7. 7. The system of claim 1, wherein the one or more containers further comprise a first row and a second row of containers.
  8. 8. The system of claim 1, further comprising a controller configured to control movement of the first and second conveyor systems, dispensing of bulk material from the first conveyor system into the one or more containers, and dispensing of bulk material from the one or more containers to the second conveyor system.
  9. 9. The system of claim 8, wherein the first and second conveyor systems further comprise sensors configured to detect the presence of bulk material on the respective first and second conveyor systems.
  10. 10. A method of loading drill cuttings onto a waterborne vessel, comprising:
    providing a system for conveying drill cuttings including a conveyor system, a plurality of containers located below the conveyor system, the conveyor system and the plurality of containers extending lengthwise of the vessel;
    receiving drill cuttings from a drilling rig onto the conveyor system;
    conveying the drill cuttings along the conveyor system;
    dispensing the drill cuttings from the conveyor system into the plurality of containers such that the balance of the vessel is maintained during loading.
  11. 11. The method of claim 10, wherein the act of dispensing comprises dispensing drill cuttings from the conveyor system into the plurality of containers in a predetermined sequence.
  12. 12. The method of claim 11, wherein the predetermined sequence further comprises dispensing drill cuttings from the conveyor system into a first predetermined container until the level of drill cuttings reaches a predetermined height, then dispensing drill cuttings into a second predetermined container that is equidistant from but on the opposite side of the vessel's center of gravity than the first predetermined container.
  13. 13. The method of claim 10, wherein the conveyor system comprises a first conveyor system and a second conveyor system, the first conveyor system being located above the plurality of containers and the second conveyor system being located below the plurality of containers.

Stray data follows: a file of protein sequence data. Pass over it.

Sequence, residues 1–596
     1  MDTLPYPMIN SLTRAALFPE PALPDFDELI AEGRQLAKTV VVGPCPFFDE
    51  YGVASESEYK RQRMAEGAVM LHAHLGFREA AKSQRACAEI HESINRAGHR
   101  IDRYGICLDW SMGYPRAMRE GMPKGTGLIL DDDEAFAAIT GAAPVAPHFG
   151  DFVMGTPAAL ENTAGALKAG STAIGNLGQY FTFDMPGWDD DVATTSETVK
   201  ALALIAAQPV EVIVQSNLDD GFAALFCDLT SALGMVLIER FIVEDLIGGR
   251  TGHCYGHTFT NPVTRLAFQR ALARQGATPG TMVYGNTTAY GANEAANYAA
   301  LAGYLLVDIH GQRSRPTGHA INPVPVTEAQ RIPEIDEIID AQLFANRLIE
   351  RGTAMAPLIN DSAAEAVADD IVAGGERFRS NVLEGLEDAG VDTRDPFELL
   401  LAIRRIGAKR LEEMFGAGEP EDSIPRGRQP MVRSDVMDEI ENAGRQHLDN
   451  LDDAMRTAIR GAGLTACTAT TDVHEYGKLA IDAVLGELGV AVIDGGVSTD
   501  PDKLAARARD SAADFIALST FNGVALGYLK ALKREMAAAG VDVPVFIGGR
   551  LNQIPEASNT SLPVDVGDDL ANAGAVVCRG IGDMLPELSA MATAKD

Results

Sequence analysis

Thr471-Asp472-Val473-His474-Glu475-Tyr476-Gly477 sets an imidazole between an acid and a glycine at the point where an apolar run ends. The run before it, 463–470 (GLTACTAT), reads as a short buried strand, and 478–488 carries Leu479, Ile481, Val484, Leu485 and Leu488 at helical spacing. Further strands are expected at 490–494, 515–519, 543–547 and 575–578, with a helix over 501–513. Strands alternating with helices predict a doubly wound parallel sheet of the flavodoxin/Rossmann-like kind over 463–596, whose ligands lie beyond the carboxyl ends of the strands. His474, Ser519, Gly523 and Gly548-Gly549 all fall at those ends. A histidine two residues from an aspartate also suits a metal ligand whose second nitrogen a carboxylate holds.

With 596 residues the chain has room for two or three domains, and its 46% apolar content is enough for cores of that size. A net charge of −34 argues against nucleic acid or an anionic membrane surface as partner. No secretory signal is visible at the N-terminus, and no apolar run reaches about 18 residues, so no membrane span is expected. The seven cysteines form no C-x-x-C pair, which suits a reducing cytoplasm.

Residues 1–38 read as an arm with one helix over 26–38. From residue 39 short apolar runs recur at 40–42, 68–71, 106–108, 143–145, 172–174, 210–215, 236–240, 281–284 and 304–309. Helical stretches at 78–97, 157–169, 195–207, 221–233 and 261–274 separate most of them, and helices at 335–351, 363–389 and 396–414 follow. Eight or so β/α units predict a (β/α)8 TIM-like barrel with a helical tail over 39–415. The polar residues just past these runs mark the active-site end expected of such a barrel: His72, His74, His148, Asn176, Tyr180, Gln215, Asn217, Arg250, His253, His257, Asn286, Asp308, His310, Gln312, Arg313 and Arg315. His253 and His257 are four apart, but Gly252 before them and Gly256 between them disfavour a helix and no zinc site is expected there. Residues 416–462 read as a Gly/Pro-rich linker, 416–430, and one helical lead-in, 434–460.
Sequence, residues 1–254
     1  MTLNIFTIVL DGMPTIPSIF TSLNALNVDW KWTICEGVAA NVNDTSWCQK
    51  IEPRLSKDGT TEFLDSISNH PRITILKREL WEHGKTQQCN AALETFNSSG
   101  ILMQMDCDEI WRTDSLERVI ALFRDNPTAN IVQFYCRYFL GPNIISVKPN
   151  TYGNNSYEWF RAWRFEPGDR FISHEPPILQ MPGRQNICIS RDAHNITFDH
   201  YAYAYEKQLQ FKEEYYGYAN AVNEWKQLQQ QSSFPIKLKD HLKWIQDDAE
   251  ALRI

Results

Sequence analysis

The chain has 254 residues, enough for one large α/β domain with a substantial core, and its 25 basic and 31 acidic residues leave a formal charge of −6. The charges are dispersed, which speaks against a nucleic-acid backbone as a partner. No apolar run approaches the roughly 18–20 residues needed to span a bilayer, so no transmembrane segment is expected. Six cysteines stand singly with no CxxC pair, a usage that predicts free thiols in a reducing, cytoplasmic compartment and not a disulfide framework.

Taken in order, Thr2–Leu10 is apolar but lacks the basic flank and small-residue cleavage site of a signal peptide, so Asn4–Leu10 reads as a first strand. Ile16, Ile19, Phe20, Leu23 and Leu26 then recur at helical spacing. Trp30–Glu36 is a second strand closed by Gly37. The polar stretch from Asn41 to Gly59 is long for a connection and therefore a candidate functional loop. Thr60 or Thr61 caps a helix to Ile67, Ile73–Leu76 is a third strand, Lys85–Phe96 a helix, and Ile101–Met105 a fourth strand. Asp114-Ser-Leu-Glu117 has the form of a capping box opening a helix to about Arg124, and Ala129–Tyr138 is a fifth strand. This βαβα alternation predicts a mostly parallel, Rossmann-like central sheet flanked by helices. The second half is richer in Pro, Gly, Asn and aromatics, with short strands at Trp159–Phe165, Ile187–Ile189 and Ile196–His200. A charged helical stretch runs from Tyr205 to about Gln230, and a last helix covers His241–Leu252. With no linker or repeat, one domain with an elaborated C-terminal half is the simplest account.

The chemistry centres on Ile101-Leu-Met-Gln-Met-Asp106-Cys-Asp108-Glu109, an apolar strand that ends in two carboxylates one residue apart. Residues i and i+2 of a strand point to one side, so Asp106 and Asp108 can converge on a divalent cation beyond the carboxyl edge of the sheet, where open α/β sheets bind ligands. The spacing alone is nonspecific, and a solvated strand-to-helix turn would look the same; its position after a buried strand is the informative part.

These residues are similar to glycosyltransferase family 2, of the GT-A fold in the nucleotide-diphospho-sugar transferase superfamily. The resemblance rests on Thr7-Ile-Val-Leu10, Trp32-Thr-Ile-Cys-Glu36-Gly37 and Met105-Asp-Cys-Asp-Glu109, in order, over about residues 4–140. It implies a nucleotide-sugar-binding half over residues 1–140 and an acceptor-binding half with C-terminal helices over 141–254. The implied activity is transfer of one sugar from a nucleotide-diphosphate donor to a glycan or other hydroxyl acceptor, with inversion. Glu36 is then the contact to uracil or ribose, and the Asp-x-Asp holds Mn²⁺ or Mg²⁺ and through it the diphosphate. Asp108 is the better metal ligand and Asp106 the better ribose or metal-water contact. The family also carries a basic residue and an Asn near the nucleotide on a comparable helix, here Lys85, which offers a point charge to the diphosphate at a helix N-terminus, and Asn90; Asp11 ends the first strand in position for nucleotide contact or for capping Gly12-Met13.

14. 14. The method of claim 13, further comprising unloading the vessel by dispensing the drill cuttings from the plurality of containers onto the second conveyor system in a predetermined sequence such that the balance of the vessel is maintained during unloading.
  15. 15. The method of claim 13, further comprising collecting drilling fluid from the drill cuttings in the plurality of containers onto the second conveyor system; and
    conveying the collected drilling fluid to a holding tank at one end of the second conveyor system.
  16. 16. The method of claim 10, wherein the plurality of containers comprises two or more rows of containers located on opposite sides of the vessel's longitudinal center line;
    wherein the conveyor system comprises at least one conveyor located above each row of containers; and
    wherein the act of dispensing further comprises dispensing drill cuttings from the first conveyor system into a predetermined first container until the level of drill cuttings in the first container reaches a predetermined height, then dispensing drill cuttings into a second predetermined container that is the same distance from the vessel's center of gravity as the first container and on the opposite side of the vessel's center of gravity.
US13908913 2012-06-03 2013-06-03 System for conveying drill cuttings Active 2033-09-15 US9169089B2 (en)

Priority Applications (2)

Application Number Priority Date Filing Date Title
US201261654897 true 2012-06-03 2012-06-03
US13908913 US9169089B2 (en) 2012-06-03 2013-06-03 System for conveying drill cuttings

Applications Claiming Priority (1)

Application Number Priority Date Filing Date Title
US13908913 US9169089B2 (en) 2012-06-03 2013-06-03 System for conveying drill cuttings

Publications (2)

Publication Number Publication Date
US20130323005A1 true true US20130323005A1 (en) 2013-12-05
US9169089B2 US9169089B2 (en) 2015-10-27

Family

ID=49670457

Family Applications (1)

Application Number Title Priority Date Filing Date
US13908913 Active 2033-09-15 US9169089B2 (en) 2012-06-03 2013-06-03 System for conveying drill cuttings

Country Status (2)

Country Link
US (1) US9169089B2 (en)
WO (1) WO2013184574A1 (en)

Cited By (18)

* Cited by examiner, † Cited by third party
Publication number Priority date Publication date Assignee Title
US20140238744A1 (en) * 2013-02-22 2014-08-28 Baker Hughes Incorporated Apparatus and Method for Separating and Weighing Cuttings Received From a Wellbore While Drilling
US20160031658A1 (en) * 2012-10-25 2016-02-04 Oren Technologies, Llc Proppant Discharge and Storage System
US9358916B2 (en) 2011-12-21 2016-06-07 Oren Technologies, Llc Methods of storing and moving proppant at location adjacent rail line
US9394102B2 (en) 2012-07-23 2016-07-19 Oren Technologies, Llc Proppant discharge system and a container for use in such a proppant discharge system
US9403626B2 (en) 2011-12-21 2016-08-02 Oren Technologies, Llc Proppant storage vessel and assembly thereof
US9421899B2 (en) 2014-02-07 2016-08-23 Oren Technologies, Llc Trailer-mounted proppant delivery system
US9446801B1 (en) 2013-04-01 2016-09-20 Oren Technologies, Llc Trailer assembly for transport of containers of proppant material
US9624030B2 (en) 2014-06-13 2017-04-18 Oren Technologies, Llc Cradle for proppant container having tapered box guides
US9670752B2 (en) 2014-09-15 2017-06-06 Oren Technologies, Llc System and method for delivering proppant to a blender
US9676554B2 (en) 2014-09-15 2017-06-13 Oren Technologies, Llc System and method for delivering proppant to a blender